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How to Transform DISA’s 'Innovation Wish List' Into Reality

Readily available innovations exist today that can help information technology managers solve key problems.
Solutions exist for information technology mangers that could boost effectiveness. Credit: USMC photo by Jeremy Beale

Solutions exist for information technology mangers that could boost effectiveness. Credit: USMC photo by Jeremy Beale

Defense Information Systems Agency (DISA) Director Lt. Gen. Robert J. Skinner opened last year’s TechNet Cyber 2022 event by unveiling a technology “wish list,” asking industry leaders to help him achieve it. “Every great innovation started when somebody said, ‘Wouldn’t it be cool if…’” Lt. Gen. Skinner said.

Among the wish list items: The ability to maximize current capabilities and validate that systems are running as expected/needed. “We have to jump to the future, but we have to optimize the capabilities that we have,” Lt. Gen. Skinner said, “then we have to simplify systems for operators. … Help us do that.”

His statement reflects the challenges most agencies face, as revealed in our research: Seven of 10 federal information technology managers say it’s either “very important” or “critical” to track, monitor and report on digital assets. But nearly four of five struggle to detect and correct the root causes of systems issues, and the same number encounter difficulties when attempting to view and manage complex IT environments.

Yet, readily available innovations exist today that can help these managers solve these problems—and transform DISA’s “wish list” into reality—and do the same for agencies across-the-board.

“See all” superpowers. To borrow from Gen. Skinner’s remarks, ‘wouldn’t it be cool’ to acquire an actual superpower in real life? Fortunately, we can. The ongoing development of what is called deep and broad observability is enabling IT teams to profoundly expand their visibility, awareness and control of on premise and multi-cloud environments, 24/7/365.

This superpower is emerging as essential as agencies swiftly move forward in their digital transformation. They can no longer “make do” with a standard mainframe and server set-up. They are bringing on thousands of machines, systems, applications and supportive infrastructure—many running in intricate cloud and container environments—and they all depend upon each other to function.

At a federal level, teams need to obtain precise answers about the performance of every application and system no matter where they are. They must observe and capture all data from logs, metrics and end-to-end transactions generated from tools supporting critical functions including aircraft refueling, intelligence gathering, battlefield communications, vaccine inventories, supply chain status, agriculture crop health, disaster response, etc.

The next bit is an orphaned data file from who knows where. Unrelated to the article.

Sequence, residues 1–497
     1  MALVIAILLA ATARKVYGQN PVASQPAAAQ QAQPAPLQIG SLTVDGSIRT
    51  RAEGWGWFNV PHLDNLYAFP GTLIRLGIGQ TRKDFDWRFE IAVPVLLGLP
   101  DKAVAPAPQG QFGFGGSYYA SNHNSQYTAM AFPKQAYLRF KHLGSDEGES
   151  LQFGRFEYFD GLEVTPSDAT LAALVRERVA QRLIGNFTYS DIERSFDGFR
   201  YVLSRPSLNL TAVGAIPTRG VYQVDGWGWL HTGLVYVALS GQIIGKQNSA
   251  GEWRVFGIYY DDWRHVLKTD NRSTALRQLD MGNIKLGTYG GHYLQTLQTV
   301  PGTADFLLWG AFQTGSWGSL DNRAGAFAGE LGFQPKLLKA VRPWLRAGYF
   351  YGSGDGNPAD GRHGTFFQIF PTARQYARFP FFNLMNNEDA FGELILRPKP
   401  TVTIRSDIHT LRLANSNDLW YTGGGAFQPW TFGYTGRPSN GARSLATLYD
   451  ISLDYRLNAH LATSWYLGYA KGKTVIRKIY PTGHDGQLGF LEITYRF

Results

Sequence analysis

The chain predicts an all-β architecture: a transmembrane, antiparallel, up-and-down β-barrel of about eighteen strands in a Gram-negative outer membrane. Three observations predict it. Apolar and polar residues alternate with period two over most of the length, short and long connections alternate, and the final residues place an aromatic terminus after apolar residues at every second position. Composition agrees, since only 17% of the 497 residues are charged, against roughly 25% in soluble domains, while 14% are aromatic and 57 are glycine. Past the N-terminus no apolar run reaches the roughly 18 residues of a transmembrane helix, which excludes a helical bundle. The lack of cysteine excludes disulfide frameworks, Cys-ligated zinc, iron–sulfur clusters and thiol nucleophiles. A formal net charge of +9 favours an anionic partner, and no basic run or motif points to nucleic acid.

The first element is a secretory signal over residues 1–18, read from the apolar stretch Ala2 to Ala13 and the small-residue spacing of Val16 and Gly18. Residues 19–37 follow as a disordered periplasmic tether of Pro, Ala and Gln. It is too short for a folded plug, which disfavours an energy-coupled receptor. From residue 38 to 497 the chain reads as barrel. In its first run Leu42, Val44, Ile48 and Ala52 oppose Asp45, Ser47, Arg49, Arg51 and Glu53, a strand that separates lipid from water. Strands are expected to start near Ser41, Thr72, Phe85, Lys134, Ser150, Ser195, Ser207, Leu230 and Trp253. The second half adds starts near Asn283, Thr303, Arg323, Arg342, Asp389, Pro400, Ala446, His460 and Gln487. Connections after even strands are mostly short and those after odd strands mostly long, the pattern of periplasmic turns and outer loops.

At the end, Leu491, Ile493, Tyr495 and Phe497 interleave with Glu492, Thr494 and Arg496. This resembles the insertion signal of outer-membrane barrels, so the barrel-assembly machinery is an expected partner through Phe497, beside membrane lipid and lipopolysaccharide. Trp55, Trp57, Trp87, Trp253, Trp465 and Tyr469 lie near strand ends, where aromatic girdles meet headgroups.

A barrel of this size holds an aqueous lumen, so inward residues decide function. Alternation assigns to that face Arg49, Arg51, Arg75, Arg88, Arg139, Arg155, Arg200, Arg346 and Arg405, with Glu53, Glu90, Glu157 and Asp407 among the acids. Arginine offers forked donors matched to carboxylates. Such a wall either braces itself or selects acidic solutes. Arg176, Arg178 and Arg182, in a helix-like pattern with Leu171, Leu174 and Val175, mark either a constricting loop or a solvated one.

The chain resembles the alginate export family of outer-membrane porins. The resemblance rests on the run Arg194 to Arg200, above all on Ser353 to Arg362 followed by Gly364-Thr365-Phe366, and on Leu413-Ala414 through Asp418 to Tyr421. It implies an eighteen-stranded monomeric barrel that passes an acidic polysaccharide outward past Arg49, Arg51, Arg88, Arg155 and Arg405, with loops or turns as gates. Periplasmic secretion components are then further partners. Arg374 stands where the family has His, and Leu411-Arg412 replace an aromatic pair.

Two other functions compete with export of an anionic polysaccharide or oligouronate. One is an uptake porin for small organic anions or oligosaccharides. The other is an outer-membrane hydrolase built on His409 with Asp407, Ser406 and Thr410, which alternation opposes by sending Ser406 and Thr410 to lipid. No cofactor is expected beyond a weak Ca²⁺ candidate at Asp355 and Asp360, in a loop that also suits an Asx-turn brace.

Deep and broad observability takes agencies to this level of end-to-end visibility. It enables team members to “see all” when it comes to the performance and security of applications, the underlying infrastructure, and user experiences. With this, they can more effectively collaborate and deliver value—with much less time and effort, thus arriving at the simplicity that DISA seeks.

"Seven of 10 federal information technology managers say it’s either “very important” or “critical” to track, monitor and report on digital assets. But nearly four of five struggle to detect and correct the root causes of systems issues. Yet, readily available innovations exist today that can help these managers solve these problems."

Artificial intelligence (AI). Once team members “see all,” they should deploy solutions that leverage this information to make better choices about what to maintain, improve and protect. It’s not enough to know about all of the systems, applications and infrastructure that are functioning and interacting in today’s nontraditional perimeter enterprise. Agencies have to make positive, actionable decisions from all of the data.

That’s where AI steps in, to process billions of dependencies in real time and continuously monitor the IT environment for system degradation and performance anomalies, and then generate accurate answers with root-cause determination, prioritized by business impact.

As with observability, automation plays an indispensable role here, with the ever-escalating volume, velocity and variety of data. Even the most fundamental IT ecosystems now move at speeds beyond the capacity of humans to navigate, process and respond to on their own. Automation and AI eliminate mundane, manual-intensive tasks, i.e., further establishing the simplicity that Gen. Skinner and other government leaders say they need. This also affords teams the time to focus on more strategic and innovative projects.

It's encouraging to see that agencies are recognizing the potential impact of AI and are making spending decisions accordingly: About two-thirds of federal IT managers participating in our research consider AI as a valuable component of their modernization initiatives. Nearly one-half say AI is a “high/essential” investment priority.

These wish lists are great. But what’s really “cool” here is that tech company innovators are already achieving what DISA and other agencies are asking for. If government and industry can take the next step—by collaborating frequently and openly together in the spirit of a fully realized partnership to implement and advance deep and broad observability and AI. Gen. Skinner and his fellow federal leaders will see their wishes come true sooner rather than later.

Willie Hicks is a chief technology officer in the public sector group at Dynatrace.